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With the morning session complete (read more here), we had a full afternoon of talks, events and discussions ahead of us. Here is a a brief round-up of all that happened in the afternoon session at BrightonSEO.
How to be a better SEO
Richard started by mentioning that he was given a chance to talk about something that he rarely gets to talk about with others. So this presentation gave him the chance to share some insight into what he thinks makes a great SEO.
There is a common passion amongst most SEOs. A passion for their work and the industry, this makes them a great bunch to work with and there is an air of creativity that makes it a really interesting industry to be involved with.
SEO, by its very nature, takes a long time to master; it led Richard to question what makes a good SEO beyond the technical skills they may already have. Here are some key takeaways:
Set goals – it is good to set goals as an SEO and have a clear idea what you want to achieve from working in the industry.
If you don’t love your work, it’s not finished. You should always be happy with what you have created and what you are sending to external parties.
How to communicate to your clients and how to communicate simply. You should be confident in your work and confident in ensuring clients understand what you are trying to do.
Work on the perception of yourself and your personal knowledge – you can always learn something new.
Try not to just accept the norm and try and push the boundaries of what you do. Try new things and then you may discover better ways of doing something.
Take yourself out your comfort zone and then you will find that you do new things and learn new things
Find a specialism, something that you know well and people will come to you for advice on.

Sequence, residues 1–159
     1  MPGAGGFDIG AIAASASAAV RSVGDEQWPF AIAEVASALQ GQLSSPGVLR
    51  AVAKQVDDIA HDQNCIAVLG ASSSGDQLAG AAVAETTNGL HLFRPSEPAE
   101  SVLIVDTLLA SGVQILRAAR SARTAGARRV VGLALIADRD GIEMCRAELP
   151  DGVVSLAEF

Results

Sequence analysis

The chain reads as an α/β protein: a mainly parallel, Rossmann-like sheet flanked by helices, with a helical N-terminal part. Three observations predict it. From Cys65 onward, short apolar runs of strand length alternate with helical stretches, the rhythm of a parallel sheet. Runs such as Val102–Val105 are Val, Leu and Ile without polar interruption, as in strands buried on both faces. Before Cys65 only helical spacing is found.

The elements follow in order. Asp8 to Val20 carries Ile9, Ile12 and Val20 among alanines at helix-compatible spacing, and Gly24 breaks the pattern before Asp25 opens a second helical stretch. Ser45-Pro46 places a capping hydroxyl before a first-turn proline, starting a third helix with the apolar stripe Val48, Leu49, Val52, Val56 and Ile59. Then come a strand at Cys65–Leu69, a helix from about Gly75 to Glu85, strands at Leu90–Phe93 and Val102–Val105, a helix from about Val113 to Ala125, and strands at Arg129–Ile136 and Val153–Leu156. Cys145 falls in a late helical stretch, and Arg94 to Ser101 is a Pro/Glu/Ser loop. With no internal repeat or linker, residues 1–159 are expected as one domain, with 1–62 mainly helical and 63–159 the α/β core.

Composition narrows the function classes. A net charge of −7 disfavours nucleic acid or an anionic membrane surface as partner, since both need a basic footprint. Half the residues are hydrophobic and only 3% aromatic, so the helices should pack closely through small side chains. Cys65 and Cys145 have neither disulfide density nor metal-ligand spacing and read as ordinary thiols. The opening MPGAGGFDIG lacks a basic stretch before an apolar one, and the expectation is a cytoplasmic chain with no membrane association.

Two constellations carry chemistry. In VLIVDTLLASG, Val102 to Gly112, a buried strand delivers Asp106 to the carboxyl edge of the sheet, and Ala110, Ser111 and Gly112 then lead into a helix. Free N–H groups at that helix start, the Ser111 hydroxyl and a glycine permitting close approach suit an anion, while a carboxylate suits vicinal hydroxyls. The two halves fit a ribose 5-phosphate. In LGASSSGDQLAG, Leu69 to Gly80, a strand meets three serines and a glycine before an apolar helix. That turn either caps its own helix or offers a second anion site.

Many of these elements will help you become a better SEO from a client and an internal perspective.
This was an interesting talk by Tony King on delivering SEO when working for a large brand.
SEO shouldn’t be a department that is pigeonholed and should work alongside every other department to be successful within larger organisations.
The SEO department should treat themselves as gurus within their field, influencers within the business as a whole.
Tony mentioned a few steps to follow for a streamlined department:
Research – Know the market and competition well, perform extensive keyword research, find out who is consistently doing well in the industry and try and figure out how they are achieving this.
Goals – Figure out the site goals and the ongoing strategy. Build your team around this and utilise the staff efficiently.
Implementation – Implement, review and optimise. The underlying improvement is to improve the ROI and this is something that will develop over time.
Delivery is only the beginning and you should continue to monitor, review and improve the campaign.
Separated by a Common Language
Lynne Murphy @lynneguist | Reader in Linguistics, University of Sussex
Lynne created an interesting presentation that looked into the English language and the American English language in more detail. Commonly the American English language has been viewed as being an adaptation of the British English as we know it today. Though to the likely surprise of many, both languages are correct in their own rights.
American English has many origins, not only from the traditional English language but also Latin. The same as British English in the way it has evolved overtime.